Klein Vision may have just opened a new realm of possibility. The automotive development firm helmed by Professor Stefan Klein and Anton Zajac has just confirmed its futuristic flying car has been given the green light. Science fiction is no more, the reality of personalized air and road travel looks closer than ever.
Since the opening scene of The Fifth Element debuted back in 1997 (and presumably much earlier), sci-fi nerds and automotive aficionados have shared one common desire – to see a fully functional, efficient, and practical flying car take to the skies. It’s been a long time coming, and many have tried to varying degrees of success.
Appearing vastly different from the eVOTL releases that have dominated the airwaves recently, the aptly named AirCar looks more like a supercar with wings than a personalized flying vehicle. In a new video published to YouTube, Klein Vision announced that after completing 70 hours of rigorous testing, the project had been awarded an official Certificate of Airworthiness by the Slovak Transport Authority.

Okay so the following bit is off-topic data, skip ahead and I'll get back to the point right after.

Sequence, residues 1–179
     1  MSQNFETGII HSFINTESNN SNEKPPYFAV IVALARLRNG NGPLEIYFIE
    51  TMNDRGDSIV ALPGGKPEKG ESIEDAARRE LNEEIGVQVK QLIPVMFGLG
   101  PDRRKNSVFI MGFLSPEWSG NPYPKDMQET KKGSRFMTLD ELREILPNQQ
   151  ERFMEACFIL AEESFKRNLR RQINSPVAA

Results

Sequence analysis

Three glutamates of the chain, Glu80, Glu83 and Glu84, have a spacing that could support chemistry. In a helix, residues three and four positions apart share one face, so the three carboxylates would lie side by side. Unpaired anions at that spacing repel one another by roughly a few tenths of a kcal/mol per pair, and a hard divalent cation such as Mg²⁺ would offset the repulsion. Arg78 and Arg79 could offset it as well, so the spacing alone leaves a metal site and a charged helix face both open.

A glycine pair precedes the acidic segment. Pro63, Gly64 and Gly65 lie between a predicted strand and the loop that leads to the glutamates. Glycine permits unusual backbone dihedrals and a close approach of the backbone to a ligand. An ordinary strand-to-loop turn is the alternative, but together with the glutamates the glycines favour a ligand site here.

According to the company, the hybrid vehicle successfully completed more than 200 takeoffs and landings in line with the European Aviation Safety Agency standards. The culmination of over 100,000 manhours from eight skilled specialists to convert design drawings into a prototype, results in ushers in a new future for personalized flying. What started as an electric 15KW engine became a 1000kg 2-seat dual-mode prototype, powered by a 1.6L BMW engine.
“AirCar certification opens the door for mass production of very efficient flying cars. It is official and the final confirmation of our ability to change mid-distance travel forever,” Professor Stefan Klein said. “50 years ago, the car was the epitome of freedom,” says Anton Zajac, the project co-founder. “AirCar expands those frontiers, by taking us into the next dimension; where the road meets the sky.”
What’s really impressive is just how mobile the AirCar really is. According to Klein Vision, the two-seater can transform from a sports car into an aircraft in under three minutes, a feat first demonstrated last June. In a test flight, Klein took a 35-minute journey between Slovakia’s Nitra and Bratislava airports before landing safely, retracting the wings, and driving into the city center. Now with official certification sorted, Klein Vision’s AirCar is one step closer to actually hitting the road, and, coincidentally, the sky.